What about Earth's gravity? Well, asteroids pass by the Earth much closer then 2 million miles and a lot slower than a comet, and they don't get sucked into Earth gravity. They likely change course but they don't hit the planet.

The movie is still worth watching. It's not at bad as Armageddon for science errors. But then again, I don't think anything could be.

Did you watch Greenland? What did you think. Let me know in the comments below.

Thursday, February 11, 2021

5G Update

 A while back I tested Verizon 5G speeds and was surprised how fast they were.

Come to find out, I was wrong.

I was in Spokane for a doctor's appointment a few days ago and when I got there, my phone said "NO SERVICE." I thought that was weird. Luckily, my car's WiFi still worked, so I was able to locate a Verizon store just a few blocks from my doctor's office. The nice woman put in a new SIM card and the phone worked. And when it came up, it said "5G."

And I was like, "Cool." Then, later, I looked the Verizon website and found a map of Verizon 5G ultra-wideband. And where I was at the Verizon store, I should have gotten ultra-wideband. But I didn't. So I contacted Verizon. Turns out the plan I'm on (2GB a month) doesn't include ultra-wideband. In fact, it's doesn't even include 5G, my phone just says that. 

So, why when I tested my phone, did it say 5G was faster than LTE? I don't know.

I have to buy at least 5GB per month to get 5G, according to the Verizon agent I talked to. But I barely use my 2GBs. So it's not worth the money and 5G Ultra Wideband isn't available where I live. And neither is 5G (fake 5G). 

So, I guess we'll wait until later to explore 5G Ultra-Wideband.

Thursday, February 4, 2021

Progress 2

Hunting Mastodons
 I've written about progress before. But that was from the 1970s to now.

But think about the past 100 years, progress since 1920. Or from 1820. My grandmother's grandfather (my great-great grandfather) was born in 1835 and died in 1905. His name was Martin Luther Parks.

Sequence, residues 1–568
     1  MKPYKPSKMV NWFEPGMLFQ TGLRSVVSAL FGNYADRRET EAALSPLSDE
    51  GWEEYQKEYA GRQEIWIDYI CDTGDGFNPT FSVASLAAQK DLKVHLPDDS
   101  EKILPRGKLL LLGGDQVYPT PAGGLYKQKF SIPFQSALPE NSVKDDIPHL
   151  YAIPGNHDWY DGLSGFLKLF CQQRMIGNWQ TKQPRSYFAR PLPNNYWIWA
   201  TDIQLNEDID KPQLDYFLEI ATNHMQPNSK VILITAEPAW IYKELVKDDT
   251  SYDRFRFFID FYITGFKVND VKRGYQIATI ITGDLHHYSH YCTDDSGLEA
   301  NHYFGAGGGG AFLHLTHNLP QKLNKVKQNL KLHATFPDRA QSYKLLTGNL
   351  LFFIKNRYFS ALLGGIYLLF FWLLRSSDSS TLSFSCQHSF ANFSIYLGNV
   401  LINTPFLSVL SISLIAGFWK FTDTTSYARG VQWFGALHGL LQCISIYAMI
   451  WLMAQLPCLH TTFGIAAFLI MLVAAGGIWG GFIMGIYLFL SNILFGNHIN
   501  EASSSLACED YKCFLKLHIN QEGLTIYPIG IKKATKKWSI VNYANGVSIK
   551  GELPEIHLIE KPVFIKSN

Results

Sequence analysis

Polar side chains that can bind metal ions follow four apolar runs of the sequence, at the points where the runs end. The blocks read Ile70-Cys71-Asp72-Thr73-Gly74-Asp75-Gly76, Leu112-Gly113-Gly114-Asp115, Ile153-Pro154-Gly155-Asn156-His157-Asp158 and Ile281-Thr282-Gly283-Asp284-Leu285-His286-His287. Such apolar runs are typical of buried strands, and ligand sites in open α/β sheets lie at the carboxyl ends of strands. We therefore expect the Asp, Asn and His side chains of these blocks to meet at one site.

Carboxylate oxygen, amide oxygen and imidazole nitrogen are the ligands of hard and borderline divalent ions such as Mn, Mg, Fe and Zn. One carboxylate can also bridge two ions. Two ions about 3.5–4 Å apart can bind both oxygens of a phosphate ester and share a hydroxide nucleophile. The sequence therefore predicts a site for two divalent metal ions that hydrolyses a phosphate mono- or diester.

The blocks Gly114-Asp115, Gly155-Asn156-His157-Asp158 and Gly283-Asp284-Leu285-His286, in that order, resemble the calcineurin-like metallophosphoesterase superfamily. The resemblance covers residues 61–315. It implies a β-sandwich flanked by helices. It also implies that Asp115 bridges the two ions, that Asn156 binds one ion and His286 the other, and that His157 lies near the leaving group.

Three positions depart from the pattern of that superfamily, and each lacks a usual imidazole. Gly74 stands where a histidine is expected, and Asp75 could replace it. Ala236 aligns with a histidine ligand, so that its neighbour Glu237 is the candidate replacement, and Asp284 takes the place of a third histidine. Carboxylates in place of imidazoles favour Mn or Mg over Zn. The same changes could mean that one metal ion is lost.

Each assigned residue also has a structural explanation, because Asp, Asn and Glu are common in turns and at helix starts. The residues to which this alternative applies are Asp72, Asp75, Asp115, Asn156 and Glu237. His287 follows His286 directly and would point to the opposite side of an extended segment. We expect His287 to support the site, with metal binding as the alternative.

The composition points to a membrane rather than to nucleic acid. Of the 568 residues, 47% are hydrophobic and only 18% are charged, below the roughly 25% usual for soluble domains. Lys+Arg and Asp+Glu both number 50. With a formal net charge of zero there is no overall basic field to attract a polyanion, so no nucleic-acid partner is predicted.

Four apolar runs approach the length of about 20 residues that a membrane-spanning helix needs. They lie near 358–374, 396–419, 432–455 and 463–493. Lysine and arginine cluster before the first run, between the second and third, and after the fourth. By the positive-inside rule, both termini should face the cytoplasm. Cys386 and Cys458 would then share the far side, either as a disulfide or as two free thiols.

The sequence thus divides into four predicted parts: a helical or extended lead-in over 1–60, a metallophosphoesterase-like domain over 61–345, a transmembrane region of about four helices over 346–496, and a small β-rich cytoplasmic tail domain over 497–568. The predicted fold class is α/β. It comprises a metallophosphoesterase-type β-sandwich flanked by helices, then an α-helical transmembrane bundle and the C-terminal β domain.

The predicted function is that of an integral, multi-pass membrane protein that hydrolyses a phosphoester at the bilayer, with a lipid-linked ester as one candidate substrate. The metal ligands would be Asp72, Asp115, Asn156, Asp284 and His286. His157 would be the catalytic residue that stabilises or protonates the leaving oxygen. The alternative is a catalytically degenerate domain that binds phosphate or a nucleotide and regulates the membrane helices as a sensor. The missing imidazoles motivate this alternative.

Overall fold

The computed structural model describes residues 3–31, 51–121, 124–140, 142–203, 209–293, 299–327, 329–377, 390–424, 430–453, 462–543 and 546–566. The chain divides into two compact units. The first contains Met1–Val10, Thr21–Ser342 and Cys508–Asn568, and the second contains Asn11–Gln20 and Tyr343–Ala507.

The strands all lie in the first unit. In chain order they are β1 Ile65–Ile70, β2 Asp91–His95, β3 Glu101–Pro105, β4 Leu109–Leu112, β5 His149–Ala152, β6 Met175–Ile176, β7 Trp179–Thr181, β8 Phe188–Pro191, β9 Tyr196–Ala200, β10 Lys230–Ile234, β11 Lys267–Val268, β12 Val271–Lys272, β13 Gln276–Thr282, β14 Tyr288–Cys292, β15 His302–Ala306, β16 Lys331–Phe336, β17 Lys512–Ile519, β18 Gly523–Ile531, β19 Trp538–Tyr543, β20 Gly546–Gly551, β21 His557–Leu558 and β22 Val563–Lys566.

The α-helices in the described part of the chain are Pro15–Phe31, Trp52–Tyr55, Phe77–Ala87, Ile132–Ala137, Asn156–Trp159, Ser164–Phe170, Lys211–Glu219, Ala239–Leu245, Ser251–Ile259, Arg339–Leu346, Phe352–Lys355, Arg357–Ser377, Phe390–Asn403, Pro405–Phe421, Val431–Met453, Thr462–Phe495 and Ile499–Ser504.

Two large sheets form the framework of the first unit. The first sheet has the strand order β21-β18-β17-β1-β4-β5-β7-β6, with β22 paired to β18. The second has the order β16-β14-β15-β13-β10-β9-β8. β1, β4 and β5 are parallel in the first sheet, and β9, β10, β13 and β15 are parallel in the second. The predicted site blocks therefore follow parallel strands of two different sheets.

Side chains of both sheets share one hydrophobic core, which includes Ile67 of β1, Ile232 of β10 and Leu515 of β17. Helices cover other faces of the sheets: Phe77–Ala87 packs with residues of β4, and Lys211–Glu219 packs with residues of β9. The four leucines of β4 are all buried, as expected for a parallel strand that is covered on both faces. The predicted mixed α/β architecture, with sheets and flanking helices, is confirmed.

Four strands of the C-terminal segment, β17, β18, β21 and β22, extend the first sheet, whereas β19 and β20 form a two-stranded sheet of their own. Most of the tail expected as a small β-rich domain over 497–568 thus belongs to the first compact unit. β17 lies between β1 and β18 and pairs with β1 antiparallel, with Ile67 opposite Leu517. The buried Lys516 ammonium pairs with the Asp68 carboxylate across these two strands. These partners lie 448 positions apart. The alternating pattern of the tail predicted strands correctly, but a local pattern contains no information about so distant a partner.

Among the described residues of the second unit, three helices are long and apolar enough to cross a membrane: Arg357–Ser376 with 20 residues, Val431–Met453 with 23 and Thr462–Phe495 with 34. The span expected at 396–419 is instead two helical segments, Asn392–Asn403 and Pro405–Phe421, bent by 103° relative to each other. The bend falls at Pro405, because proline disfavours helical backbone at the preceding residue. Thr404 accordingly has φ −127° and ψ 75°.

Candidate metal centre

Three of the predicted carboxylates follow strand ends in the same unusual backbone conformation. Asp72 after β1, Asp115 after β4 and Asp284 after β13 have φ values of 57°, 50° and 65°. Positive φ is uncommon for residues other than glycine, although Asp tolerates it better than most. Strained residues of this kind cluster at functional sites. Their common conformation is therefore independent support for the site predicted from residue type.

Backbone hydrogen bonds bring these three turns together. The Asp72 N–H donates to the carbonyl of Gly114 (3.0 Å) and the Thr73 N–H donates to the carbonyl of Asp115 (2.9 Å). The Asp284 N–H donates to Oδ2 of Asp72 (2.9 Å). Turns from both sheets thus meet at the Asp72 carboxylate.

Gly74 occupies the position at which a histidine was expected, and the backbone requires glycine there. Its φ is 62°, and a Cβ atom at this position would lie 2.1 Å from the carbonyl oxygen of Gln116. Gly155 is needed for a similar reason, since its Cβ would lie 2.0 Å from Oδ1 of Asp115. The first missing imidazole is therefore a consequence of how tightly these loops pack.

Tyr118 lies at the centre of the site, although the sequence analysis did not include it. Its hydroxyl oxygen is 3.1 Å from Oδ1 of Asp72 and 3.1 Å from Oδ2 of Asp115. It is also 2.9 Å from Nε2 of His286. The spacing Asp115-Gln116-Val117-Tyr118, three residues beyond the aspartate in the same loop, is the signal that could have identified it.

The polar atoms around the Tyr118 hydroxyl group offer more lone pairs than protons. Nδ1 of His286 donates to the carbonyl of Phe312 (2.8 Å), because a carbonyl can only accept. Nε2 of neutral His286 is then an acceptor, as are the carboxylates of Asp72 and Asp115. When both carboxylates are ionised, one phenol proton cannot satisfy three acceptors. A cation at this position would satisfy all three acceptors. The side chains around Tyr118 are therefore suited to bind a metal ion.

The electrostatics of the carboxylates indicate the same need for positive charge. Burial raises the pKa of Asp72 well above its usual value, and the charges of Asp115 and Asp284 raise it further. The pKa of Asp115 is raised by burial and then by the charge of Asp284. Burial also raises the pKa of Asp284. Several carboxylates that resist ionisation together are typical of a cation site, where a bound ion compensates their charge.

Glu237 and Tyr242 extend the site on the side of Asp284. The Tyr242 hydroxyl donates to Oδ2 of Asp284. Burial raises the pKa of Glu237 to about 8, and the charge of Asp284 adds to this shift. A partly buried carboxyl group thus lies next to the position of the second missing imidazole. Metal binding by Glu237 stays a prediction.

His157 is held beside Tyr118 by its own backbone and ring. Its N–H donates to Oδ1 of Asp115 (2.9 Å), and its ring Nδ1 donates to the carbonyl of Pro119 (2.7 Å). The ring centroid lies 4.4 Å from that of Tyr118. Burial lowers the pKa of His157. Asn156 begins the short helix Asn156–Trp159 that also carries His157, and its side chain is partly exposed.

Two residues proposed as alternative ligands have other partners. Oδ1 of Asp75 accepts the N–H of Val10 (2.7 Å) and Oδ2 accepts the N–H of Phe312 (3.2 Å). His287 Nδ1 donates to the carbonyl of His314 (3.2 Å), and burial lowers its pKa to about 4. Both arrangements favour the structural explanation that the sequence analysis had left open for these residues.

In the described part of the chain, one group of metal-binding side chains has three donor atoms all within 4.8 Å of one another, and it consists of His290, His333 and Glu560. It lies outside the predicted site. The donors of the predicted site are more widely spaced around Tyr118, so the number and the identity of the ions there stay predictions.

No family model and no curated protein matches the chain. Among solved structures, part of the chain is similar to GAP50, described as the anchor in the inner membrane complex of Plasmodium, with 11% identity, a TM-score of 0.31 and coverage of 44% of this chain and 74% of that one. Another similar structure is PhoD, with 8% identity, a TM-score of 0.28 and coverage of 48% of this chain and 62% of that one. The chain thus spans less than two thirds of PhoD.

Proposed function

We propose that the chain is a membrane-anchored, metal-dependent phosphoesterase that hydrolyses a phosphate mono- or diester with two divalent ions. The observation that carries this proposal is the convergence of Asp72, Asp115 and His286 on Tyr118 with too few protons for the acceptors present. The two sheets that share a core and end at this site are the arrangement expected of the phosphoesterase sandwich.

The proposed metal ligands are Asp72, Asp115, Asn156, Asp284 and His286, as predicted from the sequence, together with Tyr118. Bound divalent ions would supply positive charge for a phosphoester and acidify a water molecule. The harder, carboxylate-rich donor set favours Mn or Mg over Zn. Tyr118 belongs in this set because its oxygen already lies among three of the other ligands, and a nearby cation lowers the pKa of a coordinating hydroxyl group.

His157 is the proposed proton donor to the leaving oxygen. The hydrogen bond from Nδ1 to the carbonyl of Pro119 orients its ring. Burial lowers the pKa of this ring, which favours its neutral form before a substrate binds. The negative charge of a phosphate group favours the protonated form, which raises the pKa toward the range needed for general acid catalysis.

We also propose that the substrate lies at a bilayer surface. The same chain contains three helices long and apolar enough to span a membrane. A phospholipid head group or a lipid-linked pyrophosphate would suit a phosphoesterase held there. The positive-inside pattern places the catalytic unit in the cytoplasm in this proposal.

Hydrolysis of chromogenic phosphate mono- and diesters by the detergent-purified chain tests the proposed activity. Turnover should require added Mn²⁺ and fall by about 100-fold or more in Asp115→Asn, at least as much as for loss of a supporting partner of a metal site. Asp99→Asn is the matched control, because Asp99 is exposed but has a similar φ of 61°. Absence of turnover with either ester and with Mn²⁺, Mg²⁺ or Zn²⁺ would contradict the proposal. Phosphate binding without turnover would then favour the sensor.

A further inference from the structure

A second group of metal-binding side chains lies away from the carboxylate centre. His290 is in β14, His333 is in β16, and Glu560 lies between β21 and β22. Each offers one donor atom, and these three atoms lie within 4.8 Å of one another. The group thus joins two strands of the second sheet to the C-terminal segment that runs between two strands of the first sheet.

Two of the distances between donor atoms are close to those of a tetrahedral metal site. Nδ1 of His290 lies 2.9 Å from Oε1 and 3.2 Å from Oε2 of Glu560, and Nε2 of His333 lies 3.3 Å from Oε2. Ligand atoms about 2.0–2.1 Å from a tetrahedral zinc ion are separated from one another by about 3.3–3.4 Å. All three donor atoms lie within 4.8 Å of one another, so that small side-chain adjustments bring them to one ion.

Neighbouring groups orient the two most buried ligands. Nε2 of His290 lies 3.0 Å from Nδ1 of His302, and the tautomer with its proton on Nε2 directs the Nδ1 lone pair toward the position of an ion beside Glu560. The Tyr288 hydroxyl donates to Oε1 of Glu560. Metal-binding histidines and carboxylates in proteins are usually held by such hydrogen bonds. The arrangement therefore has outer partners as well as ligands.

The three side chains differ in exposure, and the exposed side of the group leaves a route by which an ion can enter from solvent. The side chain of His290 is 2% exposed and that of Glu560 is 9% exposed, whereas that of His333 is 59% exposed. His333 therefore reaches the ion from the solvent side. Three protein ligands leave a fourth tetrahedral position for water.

It's likely he never saw a car nor had electricity. He probably never heard the word "computer" and if you said "smart phone" to him, he'd likely give you a blank look (the phone was invented in 1876). In fact, he had more in common with Julius Cesar than he does with me. And Cesar died about 1,900 years before Martin was born.

Humans (homo sapiens) came around about 100,000 years ago. For half that time (around 50,000 years) they were hunter/gathers who lived in caves or rudimentary shelters. Then they invented agriculture and that allowed there to be excess food which allowed cities to form and people to not spend their entire existence search for food. Writing was invented. Math was invented. Government was, unfortunately, invented.

But for half of human existence we were fighting for survival with animals. Humans in 90,000 BC were just as smart as today, but they didn't know anything.

Still, after civilization arose 50,000 years ago, it took until, really, the industrial revolution in the late 1700s before people's lives improved much more.

At the rate of scientific progress today, in 100 years humans may be unrecognizable. We might live as computer programs or in robot bodies. I don't know. But as a science fiction writer, I should have some ideas. And I do.

Where do you think humans will be in 100 years? What's your vision of the future? Let me know in the comments below.